But a natural question arises: How much more testosterone and how long does the elevation last? Studies have shown that guys get a boost in testosterone by increasing sexual activity or watching their favorite football team in a big game. Does this mean we should all spend more time as sex maniacal, football watching couch potatoes in our off-time to build more muscle?
Remember two things about testosterone:
I utilize both compound movements and isolation movements for muscle building. In fact, I still do deep and heavy squats. But I’ve made my best gains after making my isolation movements outnumber the compound ones by about three to one.
You can certainly use a routine consisting of predominantly compound movements if it works for you. But don’t buy into the notion that those will guarantee you better size gains over isolation movements that are coupled with a good recuperation strategy.
Much like the myth that makes compound movements into exercises to be revered, the short workout myth promises to deliver big muscles via higher testosterone levels – or at least through the prevention of lowering those levels. It’s said that if a trainee keeps his training sessions below one hour in duration, testosterone won’t drop and higher net muscle gains will be the result.
There’s really nothing wrong with someone wanting to keep his or her workouts short if that person’s meeting his or her goals by so doing. But there is something wrong with dispensing this as a hard-and-fast muscle building principle that stands as a requirement for maximum muscle growth. If there were any evidence that bigger net muscle gains resulted from extremely short workouts, believe me; I’d be an ardent supporter.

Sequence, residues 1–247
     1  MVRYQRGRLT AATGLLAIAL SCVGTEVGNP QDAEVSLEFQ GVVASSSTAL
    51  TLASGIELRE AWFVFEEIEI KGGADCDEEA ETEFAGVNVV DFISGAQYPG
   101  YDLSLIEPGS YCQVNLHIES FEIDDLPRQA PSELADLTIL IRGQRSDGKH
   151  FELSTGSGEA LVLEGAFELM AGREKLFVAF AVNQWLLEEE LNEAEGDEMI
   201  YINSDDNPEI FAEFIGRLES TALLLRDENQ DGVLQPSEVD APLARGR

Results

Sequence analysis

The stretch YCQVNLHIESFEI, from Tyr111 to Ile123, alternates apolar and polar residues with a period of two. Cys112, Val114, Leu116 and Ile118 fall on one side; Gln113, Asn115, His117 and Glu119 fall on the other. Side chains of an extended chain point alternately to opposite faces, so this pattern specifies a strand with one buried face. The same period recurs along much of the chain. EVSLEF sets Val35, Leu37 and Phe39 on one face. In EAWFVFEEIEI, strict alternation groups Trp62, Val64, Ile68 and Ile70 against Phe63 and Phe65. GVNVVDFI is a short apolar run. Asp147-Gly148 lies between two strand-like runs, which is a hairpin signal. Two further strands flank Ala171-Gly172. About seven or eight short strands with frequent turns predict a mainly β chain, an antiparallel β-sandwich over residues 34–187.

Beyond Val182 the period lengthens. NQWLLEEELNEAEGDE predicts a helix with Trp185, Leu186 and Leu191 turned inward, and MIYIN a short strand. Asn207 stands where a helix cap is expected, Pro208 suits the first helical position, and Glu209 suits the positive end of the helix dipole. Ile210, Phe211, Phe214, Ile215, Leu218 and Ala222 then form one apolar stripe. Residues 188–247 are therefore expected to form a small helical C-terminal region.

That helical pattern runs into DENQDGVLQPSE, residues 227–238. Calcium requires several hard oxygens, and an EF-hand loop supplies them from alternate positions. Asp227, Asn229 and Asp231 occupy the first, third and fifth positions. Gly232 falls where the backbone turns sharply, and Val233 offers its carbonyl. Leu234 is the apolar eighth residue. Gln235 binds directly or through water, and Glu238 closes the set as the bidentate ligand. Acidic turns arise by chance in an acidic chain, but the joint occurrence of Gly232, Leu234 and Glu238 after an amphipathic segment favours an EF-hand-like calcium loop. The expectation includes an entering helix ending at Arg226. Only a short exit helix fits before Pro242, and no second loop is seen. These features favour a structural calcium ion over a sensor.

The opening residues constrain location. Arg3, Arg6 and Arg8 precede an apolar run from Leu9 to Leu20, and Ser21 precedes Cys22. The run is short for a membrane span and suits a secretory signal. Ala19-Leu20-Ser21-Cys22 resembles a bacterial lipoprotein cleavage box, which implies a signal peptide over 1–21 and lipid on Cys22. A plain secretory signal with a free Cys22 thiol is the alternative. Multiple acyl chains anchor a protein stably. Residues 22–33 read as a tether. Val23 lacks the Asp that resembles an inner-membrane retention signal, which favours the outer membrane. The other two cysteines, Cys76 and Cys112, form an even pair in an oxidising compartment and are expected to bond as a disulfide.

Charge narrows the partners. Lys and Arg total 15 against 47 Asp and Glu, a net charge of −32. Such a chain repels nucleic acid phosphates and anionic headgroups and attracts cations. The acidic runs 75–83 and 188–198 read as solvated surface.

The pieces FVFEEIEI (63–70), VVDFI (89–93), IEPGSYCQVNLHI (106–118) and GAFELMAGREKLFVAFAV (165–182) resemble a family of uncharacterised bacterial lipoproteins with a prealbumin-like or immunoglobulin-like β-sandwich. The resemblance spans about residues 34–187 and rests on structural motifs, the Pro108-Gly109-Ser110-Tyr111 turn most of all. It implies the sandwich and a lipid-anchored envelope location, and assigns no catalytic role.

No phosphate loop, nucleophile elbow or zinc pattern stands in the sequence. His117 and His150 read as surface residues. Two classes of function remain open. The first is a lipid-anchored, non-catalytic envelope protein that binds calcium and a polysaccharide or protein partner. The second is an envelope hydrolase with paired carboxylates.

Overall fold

But successful natural muscle building is a balance. It demands that we hit the white fast-twitch fibers for maximum growth. This requires adequate rest time between sets so as to bypass the cardio building capacity of muscle tissue. With a demand for a bit more rest time between sets and a decent number of exercises for well-rounded development, workouts often need to be more than one hour.
Is this a detriment?
Hardly! In fact, I’ve witnessed more net muscle gains from training sessions of over one hour compared with those of under that time.
What about testosterone levels?
If they drop at all, the difference is insignificant. What’s more, testosterone bounces right back up after an hour or so. With muscle growth occurring between workouts rather than during the tissue breakdown phase of a training session, why worry about insignificant shifts in hormones during workouts?